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A simple framework for defining your customers' needs

· Competitive Analysis,Brand Strategy

If you’re active in some Facebook groups or online communities, you’ll see that everyone has the “look at me” attitude, and the not the “I see you” attitude with their clients or potential customers.

If you pause the AdBlock and pay attention to the online campaigns today, you'll find a world full of "pick me" messages.

Don’t compete for the moment. Compete for meaning. When you do, you’ll find that people care because they want to ... because you earned it. - Brian Solis, a principal analyst at Altimeter.

Because without meaning products and services are just commodities, and nobody wants to be in the commodities business.

Nowadays, marketing has gone from:

  • AWARENESS >> ATTENTION >> ACTION

to

  • AWARENESS >> AFFINITY >> ACTION

People will buy your products because you understand their worldview.
People will buy your product because of your intangible value.
People will buy your product because you understand their needs, hopes, wants, and dreams first.

Our job as marketers requires to:

  • Understand our customers’ needs.
  • Build an inspiring brand story.
  • Create brand affinity.

How can we find our customers' needs?

Let’s say for example that you are working for ING, B2C products. For 2018 you’re preparing to redesign the mobile app for the Netherlands. Before establishing the go-to-market strategy, practice listening, interpreting, watching and understanding your customers’ needs.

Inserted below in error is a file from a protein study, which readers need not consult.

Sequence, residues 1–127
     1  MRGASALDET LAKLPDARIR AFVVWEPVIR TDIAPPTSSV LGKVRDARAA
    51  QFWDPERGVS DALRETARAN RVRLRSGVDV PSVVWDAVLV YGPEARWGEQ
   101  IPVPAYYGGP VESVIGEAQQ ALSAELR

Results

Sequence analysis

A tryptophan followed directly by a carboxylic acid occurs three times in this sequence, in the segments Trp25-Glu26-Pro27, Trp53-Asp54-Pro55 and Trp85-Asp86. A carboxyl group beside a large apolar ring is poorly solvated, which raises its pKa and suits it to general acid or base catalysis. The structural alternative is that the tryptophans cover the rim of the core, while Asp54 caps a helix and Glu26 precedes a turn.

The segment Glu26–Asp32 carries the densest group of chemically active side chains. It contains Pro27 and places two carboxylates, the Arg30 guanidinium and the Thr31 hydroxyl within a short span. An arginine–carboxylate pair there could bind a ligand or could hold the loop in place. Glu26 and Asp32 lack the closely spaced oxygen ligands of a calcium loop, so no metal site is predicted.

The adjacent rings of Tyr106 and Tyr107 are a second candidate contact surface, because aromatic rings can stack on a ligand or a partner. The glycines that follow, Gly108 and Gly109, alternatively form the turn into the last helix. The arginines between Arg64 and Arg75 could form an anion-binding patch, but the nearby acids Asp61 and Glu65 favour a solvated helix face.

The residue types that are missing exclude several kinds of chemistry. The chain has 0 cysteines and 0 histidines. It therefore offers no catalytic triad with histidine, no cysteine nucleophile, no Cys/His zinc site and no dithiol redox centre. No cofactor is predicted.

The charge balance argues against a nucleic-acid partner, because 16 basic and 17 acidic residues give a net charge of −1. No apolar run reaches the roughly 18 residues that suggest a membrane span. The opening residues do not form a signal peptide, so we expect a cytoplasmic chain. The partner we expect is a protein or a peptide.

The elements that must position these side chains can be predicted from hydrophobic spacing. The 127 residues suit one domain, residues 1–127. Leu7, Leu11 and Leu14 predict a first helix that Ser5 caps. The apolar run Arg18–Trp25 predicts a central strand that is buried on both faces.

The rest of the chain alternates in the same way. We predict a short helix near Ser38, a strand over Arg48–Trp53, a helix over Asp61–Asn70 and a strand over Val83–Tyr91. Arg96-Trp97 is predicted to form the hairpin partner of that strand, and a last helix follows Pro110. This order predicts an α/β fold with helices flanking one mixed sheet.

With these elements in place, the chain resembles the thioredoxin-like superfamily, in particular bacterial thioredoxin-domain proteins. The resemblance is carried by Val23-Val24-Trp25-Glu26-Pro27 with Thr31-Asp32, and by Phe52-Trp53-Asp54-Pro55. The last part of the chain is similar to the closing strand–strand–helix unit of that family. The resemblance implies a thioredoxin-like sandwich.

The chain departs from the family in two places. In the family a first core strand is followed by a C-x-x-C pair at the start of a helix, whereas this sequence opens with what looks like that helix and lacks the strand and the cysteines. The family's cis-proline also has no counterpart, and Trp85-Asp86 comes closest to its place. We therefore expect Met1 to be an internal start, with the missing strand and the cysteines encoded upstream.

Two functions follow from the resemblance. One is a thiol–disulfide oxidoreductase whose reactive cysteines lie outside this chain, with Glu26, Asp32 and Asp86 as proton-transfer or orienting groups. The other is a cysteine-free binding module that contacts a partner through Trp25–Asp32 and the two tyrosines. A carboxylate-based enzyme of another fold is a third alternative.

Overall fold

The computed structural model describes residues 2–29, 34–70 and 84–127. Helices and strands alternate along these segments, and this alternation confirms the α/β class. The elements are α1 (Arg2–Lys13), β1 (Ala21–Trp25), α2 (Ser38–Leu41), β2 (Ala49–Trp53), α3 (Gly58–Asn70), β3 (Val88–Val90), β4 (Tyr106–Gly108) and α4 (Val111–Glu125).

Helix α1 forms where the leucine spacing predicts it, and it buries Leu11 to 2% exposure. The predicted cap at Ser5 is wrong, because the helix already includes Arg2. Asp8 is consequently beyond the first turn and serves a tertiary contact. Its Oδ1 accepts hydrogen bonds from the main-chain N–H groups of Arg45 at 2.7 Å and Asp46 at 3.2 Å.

Start with the Empathy Audit, then follow the Empathy Map.

Empathy Map varies in different shapes and sizes, but there are basic elements common to each one: four quadrants broken into “Thinking,” “Seeing,” “Doing,” and “Feeling.”

Dave Gray, the author of The Connected Company and Gamestorming, is the man behind the empathy map. Dave says that "the Empathy Map is both a framework and a technique, and it’s typically developed collaboratively by a diverse team by placing sticky notes on a wall."

At socialinsider.io we follow the guidelines of Bernadette Jiwa, a brilliant author and brand strategist.

The Empathy Audit

How and where do you practice listening, interpreting, watching and understanding your customers' feelings and actions?

Start with the four pillars of the Empathy Audit:

  1. Listen
  2. Interpret
  3. Watch
  4. Understand

The Empathy Map

What does your customer say, think, do and feel?

  1. Say
  2. Think
  3. Do
  4. Feel

Why empathy works?

Empathy sells - Grant Tudor, strategic planner at Ogilvy & Mather - and the marketers who will translate the emotions from the Empathy Audit and Empathy Map into creative actions will advertise effectively.

You can use this framework across your marketing teams and define your customers' unmeet needs. By doing this, you'll be able to collect product feedback from your customers and transform it into actionable items.

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